Yesterday I helped someone who was seeing a lot of “server has gone away” error messages on his website. While investigating this problem, I noticed several things amiss, which appeared to be related but really weren’t. The biggest measurable sign was
[percona@server ~]$ mysqladmin ext | grep Abort
| Aborted_clients | 14835 |
| Aborted_connects | 15598 |
These two status variables are actually unrelated (see the manual page that explains them). The first was related to the errors the client was seeing: the server was closing inactive connections after a while, and I fixed it by increasing the wait_timeout configuration variable.
The second error does not indicate that an active connection is closed at all. Rather, it shows that a connection cannot be made for some reason. Perhaps it’s networking, or perhaps there’s an issue with permissions or something else. The first thing I did was look for packet loss between the database server and the web server; the network appeared to be working fine.
With that ruled out (at least, to my satisfaction) I turned to tcpdump to see what was happening with these connections. I ran the following command in one window of my screen session, so I could see when a connection was aborted:
[percona@server ~]$ mysqladmin ext | grep Abort | grep -v 0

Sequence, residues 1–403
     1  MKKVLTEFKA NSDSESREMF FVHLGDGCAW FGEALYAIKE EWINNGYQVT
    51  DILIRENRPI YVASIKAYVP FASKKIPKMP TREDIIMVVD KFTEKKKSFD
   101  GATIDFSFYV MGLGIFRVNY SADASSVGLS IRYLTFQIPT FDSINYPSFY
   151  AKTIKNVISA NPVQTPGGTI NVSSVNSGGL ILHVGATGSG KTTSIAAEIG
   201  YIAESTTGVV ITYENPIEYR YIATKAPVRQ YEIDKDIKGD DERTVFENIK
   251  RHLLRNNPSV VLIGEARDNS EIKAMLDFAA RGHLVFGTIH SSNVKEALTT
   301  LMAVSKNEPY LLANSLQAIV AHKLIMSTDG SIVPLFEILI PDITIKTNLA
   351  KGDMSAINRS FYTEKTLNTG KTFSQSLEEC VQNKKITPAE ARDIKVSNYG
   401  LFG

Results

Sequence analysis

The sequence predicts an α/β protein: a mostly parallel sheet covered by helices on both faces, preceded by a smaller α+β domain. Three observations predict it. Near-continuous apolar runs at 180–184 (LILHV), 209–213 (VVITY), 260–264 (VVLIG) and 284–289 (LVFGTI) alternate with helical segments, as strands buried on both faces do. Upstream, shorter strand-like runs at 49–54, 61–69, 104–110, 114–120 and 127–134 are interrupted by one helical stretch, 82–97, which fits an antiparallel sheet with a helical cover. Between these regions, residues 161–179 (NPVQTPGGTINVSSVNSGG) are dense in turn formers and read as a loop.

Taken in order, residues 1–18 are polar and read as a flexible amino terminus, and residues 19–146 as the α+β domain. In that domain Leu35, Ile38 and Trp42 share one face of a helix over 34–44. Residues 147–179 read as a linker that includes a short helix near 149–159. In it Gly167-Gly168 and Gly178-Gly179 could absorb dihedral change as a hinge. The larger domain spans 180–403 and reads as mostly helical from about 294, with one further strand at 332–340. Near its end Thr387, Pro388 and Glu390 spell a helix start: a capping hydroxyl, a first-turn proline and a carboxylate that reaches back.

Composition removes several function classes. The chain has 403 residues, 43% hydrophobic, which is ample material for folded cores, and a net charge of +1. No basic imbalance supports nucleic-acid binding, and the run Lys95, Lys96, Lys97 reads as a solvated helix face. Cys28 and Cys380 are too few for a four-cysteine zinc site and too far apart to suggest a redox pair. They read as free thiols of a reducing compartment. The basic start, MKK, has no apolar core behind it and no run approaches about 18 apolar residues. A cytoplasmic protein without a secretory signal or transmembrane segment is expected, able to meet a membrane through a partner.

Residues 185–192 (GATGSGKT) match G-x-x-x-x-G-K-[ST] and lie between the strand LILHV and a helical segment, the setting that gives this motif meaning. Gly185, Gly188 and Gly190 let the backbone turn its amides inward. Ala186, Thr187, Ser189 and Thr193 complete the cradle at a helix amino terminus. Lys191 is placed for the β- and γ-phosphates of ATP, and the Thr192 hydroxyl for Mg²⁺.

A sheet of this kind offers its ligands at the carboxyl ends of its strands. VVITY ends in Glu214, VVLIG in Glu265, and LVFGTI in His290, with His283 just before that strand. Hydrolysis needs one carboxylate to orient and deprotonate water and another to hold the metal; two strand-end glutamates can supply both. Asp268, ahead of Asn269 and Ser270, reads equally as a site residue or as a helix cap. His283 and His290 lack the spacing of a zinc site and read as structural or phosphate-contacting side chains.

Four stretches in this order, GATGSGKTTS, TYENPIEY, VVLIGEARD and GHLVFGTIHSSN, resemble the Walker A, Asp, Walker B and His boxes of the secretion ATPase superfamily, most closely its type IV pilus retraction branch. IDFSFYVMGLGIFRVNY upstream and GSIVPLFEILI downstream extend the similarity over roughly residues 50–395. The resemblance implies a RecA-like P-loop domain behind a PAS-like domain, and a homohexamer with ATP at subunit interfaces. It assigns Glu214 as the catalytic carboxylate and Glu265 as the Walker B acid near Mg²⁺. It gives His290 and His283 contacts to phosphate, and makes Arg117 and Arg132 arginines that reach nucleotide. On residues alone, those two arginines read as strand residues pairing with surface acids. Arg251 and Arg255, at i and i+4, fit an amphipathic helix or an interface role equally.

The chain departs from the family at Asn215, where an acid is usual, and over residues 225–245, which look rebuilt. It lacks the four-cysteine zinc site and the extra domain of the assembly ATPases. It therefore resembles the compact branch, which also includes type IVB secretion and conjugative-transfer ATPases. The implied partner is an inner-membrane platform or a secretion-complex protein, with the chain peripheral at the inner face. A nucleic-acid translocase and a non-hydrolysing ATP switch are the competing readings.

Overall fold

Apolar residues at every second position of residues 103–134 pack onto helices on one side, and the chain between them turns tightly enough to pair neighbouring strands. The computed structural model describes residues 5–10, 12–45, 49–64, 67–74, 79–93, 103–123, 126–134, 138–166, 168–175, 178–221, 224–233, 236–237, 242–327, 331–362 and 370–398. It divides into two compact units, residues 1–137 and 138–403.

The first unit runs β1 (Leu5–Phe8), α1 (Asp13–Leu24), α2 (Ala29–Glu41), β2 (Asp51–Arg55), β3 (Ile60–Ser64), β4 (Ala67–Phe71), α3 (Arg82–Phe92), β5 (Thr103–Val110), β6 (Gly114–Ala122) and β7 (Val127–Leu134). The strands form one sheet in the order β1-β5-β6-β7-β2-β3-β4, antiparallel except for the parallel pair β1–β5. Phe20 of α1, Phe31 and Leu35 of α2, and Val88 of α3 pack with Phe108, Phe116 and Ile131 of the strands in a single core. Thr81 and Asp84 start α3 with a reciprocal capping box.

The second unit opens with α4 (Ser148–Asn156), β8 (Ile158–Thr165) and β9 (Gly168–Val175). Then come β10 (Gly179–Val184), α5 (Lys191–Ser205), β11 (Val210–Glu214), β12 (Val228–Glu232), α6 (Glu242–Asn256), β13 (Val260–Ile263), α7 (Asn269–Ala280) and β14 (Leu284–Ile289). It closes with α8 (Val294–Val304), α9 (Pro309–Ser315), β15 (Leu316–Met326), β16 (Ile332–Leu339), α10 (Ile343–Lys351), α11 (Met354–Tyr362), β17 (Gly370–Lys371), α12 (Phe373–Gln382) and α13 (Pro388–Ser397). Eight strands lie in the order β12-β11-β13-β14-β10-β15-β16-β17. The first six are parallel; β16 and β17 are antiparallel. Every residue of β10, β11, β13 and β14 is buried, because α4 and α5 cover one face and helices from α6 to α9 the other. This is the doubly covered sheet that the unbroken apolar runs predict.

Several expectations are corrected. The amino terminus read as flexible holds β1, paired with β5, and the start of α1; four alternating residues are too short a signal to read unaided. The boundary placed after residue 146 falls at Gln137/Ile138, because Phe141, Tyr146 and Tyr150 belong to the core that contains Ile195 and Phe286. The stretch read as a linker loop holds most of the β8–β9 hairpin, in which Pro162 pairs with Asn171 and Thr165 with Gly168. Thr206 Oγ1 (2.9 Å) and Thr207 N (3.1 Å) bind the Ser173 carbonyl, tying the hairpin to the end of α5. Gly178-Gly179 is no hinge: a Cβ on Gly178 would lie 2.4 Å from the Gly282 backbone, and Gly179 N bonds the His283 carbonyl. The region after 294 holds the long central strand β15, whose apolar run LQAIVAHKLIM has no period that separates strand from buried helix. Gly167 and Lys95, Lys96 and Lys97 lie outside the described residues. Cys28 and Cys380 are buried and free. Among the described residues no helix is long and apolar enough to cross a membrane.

And then I started tcpdump in another window:
[percona@server ~]$ tcpdump -s 1500 -w tcp.out port 3306
After I saw an aborted connection, I cancelled tcpdump and looked at the resulting file. Inspecting the session with tcpdump -r showed that there was a complete TCP session; nothing bad was happening at that layer. So I used the strings utility to look at the text sent in the packets:
[percona@server ~]$ strings tcpdump.out
Host 'XXX.XX.XX.XXX' is not allowed to connect to this MySQL server
I’ve anonymized the offending IP address. However, I checked the server’s grant tables and indeed. that IP address (which is a machine in the local network) is not allowed to connect.
I don’t actually use tcpdump much, but this was a fun little exercise that I thought I’d share with you.